Northampton Greyfriars: Demise of the Brutalist 'mouth of hell'
As a form of design, Brutalism has divided opinion for decades. In recent years many examples have been razed to the ground, with Northampton's Greyfriars bus station next in line. So why are some mourning the potential loss of an entire era of architecture?
Northampton's Greyfriars bus station is a relic from a period of bold geometries within architecture known as Brutalism.
Costing more than £40m in today's money, the 1970s building has been the subject of ridicule for decades as an over-ambitious example of bad planning and - for some - its demise cannot come quickly enough.
It was derided by Channel 4 presenter and designer Kevin McCloud as "like a great big mouth of hell" and work on its destruction begins this weekend.
A troubled project from the start, it opened 18 months late in April 1976 after costing more than twice its £3m budget.
More than 175m (574ft) long, with three floors of offices and a car park above the bus bays, it was big enough to double as an overnight garage for many of the town's buses.
In an April 1976 editorial in the Evening Telegraph newspaper, Pat Percival described it as "really remarkable building", while others said it had a "space age" feel.
What they said about Greyfriars
- Greyfriars was named in the top three worst architectural eyesores in Britain by Channel 4 programme Demolition.
- Mary Markham, 57, who ran the office canteen, remembers plumbing issues: "All the waste was coming up through the drains and the only way to get rid of it was to have rods and push it out of the other end. Unfortunately, that was on to the directors' cars below."
- Chris Mahony, 77, Northampton Transport Manager at the time, said: "In the early days, graffiti was removed, the place was swept. When the budgets were tightened... that's when the place began to deteriorate."
- Channel 4's Demolition presenter and designer Kevin McCloud said it was "like a great big mouth of hell... Abandon hope all ye who enter here".
But local architect Dominic Kramer said the modern view was very different. "It had no respect for the public realm. Where you would have been able to walk out of the town it just severed [access]."
He said town planners, politicians and architects all over the country were emerging in the 1960s from post-war rationing of materials with a new-found freedom.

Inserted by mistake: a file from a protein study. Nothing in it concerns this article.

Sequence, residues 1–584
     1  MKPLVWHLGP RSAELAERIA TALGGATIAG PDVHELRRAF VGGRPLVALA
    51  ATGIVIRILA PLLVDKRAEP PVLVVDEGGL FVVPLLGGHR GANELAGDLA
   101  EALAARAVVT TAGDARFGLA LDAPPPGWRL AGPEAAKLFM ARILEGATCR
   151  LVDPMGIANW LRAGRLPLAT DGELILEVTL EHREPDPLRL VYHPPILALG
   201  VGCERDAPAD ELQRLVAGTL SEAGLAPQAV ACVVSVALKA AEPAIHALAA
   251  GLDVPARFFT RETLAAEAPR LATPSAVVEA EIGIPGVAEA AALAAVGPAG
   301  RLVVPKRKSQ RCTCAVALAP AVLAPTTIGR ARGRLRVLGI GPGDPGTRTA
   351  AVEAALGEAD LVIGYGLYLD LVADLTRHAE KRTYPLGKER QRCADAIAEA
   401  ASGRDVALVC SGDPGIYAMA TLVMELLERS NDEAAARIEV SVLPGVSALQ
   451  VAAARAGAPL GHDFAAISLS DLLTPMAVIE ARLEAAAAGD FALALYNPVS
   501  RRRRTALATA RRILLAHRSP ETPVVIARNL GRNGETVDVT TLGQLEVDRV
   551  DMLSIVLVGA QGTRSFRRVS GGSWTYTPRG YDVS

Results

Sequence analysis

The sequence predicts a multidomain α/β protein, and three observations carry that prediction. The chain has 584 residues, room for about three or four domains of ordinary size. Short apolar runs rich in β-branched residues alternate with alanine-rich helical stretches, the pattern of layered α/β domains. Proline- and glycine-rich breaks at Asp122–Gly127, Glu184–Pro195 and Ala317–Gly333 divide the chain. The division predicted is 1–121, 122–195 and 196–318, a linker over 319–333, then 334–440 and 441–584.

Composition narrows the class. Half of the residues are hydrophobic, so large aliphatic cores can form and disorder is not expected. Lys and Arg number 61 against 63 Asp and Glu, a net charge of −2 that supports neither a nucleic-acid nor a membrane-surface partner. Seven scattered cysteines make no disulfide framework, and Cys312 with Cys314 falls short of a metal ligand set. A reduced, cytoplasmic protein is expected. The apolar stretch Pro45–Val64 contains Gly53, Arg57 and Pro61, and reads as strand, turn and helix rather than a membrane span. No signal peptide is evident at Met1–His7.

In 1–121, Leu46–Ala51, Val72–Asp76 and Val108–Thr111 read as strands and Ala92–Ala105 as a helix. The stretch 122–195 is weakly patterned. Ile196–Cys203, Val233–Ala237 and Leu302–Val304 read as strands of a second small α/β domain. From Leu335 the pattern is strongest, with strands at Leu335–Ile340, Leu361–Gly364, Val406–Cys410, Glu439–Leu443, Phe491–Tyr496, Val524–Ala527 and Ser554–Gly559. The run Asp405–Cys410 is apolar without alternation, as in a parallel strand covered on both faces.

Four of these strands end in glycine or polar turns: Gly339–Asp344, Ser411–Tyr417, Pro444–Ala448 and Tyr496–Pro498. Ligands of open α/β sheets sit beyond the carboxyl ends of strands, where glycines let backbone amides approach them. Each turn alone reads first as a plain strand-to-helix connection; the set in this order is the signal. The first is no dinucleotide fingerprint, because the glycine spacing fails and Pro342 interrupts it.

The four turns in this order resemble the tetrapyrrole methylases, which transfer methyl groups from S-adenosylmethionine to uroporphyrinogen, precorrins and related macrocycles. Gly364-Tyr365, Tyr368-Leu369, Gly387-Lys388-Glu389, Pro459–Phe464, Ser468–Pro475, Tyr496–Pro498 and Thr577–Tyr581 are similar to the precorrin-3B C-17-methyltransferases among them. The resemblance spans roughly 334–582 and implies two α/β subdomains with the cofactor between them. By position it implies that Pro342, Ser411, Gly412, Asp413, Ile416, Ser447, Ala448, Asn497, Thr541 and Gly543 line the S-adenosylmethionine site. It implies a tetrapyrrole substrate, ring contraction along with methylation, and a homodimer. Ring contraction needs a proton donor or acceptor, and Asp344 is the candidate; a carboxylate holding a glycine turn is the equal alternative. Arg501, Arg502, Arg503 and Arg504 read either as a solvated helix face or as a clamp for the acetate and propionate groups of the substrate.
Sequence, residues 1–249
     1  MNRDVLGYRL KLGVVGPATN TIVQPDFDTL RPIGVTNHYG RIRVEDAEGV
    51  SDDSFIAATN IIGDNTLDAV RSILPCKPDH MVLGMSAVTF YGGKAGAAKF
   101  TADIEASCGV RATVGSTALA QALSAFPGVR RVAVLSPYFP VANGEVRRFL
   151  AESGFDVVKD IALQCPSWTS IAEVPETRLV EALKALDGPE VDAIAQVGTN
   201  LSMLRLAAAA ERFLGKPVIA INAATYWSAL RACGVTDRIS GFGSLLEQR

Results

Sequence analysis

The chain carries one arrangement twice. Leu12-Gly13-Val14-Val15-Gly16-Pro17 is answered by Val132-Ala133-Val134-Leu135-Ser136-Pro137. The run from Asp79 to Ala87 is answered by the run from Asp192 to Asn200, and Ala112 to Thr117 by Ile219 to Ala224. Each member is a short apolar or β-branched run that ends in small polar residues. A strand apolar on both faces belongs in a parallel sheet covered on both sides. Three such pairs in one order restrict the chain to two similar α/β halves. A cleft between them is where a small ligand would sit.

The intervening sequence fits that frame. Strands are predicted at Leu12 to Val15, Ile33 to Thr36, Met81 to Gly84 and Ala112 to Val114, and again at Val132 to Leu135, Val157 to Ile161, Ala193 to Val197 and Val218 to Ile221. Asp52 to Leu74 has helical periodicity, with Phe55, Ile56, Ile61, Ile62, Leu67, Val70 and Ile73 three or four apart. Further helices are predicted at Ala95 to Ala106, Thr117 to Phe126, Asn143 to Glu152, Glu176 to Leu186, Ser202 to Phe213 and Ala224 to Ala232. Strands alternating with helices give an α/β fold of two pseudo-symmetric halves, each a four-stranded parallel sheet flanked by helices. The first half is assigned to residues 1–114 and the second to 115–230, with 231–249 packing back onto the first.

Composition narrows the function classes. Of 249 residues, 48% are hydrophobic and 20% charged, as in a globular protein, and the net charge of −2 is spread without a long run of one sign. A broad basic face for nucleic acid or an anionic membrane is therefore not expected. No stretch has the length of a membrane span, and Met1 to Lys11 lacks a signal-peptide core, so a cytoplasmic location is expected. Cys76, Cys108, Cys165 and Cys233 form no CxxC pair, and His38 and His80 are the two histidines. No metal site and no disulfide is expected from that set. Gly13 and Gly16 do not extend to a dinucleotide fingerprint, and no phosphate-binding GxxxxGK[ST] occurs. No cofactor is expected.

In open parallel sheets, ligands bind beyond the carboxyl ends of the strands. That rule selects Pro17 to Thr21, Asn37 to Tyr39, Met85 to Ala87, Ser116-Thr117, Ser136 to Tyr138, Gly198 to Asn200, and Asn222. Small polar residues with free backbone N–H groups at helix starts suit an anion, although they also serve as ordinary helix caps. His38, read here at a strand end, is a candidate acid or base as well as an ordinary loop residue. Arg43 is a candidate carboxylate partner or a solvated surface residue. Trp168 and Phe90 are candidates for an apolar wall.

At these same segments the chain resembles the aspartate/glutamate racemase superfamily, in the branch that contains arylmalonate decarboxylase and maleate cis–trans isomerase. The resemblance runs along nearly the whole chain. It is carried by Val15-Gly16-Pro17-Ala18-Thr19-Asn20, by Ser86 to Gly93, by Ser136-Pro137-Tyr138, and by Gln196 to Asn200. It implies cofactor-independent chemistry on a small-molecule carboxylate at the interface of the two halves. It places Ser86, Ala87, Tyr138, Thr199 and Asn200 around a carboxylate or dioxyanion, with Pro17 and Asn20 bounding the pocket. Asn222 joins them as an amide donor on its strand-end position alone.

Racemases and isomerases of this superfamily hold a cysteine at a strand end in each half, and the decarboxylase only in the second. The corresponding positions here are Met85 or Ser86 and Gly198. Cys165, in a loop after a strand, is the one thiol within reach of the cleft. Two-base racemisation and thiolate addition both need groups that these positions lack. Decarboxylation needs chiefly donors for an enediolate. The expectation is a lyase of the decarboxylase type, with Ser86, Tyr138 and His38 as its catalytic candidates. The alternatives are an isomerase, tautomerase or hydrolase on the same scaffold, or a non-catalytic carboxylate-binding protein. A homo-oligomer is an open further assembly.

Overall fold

"I think they believed they were going to create some sort of utopia. The failure of this building [is] it just doesn't integrate [with people] using the town."
With deconstruction set to begin at Easter - it cannot be demolished due to the danger from asbestos - the end of Greyfriars is not only about removing a failed blueprint for Northampton's architecture, it signals the end of another Brutalist building - a period of architecture that it has been argued "produced some of the most sublime, awe-inspiring buildings on the planet".
The World Monuments Fund published a watch list warning that a whole era of architecture could be lost.
What is Brutalism?
"Brutalism is not a term to endear buildings to the public, and the label has made this form of architecture an easy target for dismissive ridicule", writes Henrietta Billings from the Twentieth Century Society.
"It's origin is contested but it may derive from the French term 'beton brut' meaning 'raw concrete'.
The style is characterised by bold geometries, the exposure of structural materials and functional spatial design.
These monumental buildings are often dramatically and prominently sited, isolated from neighbouring buildings, giving uninterrupted views of the structure from many angles.
However, senior conservation adviser Henrietta Billings said Northampton's Greyfriars had "interesting elements" but was not of "outstanding architectural interest or quality" and not worth campaigning to save.
Question marks remain over what will be done with the site, but as another example of Brutalism disappears, is there a chance the mistakes of the past, the knocking down of fine examples of Victorian architecture, or inter-war art deco, could be repeated?'Beyond repair'
Not according to Mr Kramer. The Brutalist architects got "wrapped up in believing their own rhetoric," he said.
"If a building doesn't work - they are too big to get overtly sentimental about.
"We can argue with hindsight that we knocked down too many buildings from the art deco period of the 1930s. I think we've had enough time as a community [with Greyfriars] to say 'do we want to save it'?
"If it was worth saving, we would have revamped it... this is just failing at so many levels, it's just far too big and continues to block any movement across the town and I think that's far more important to get right."
On Easter Sunday, the bridges that link Greyfriars to the Grosvenor complex will be removed, the first visible sign of the building's slow disappearance from the town's skyline which is due to be complete by the end of the year.
"Greyfriars is beyond repair and its demolition opens up a very large and significant site," said David Mackintosh, leader of Northampton Borough Council.
"With the large regeneration projects that are changing the face of Northampton, this will breathe new life into this underused area of town and become one of the cornerstones for a bigger and better town centre."
Hear more about the "Mouth of Hell" on BBC Radio Northampton at 08:25 BST from 22 - 25 April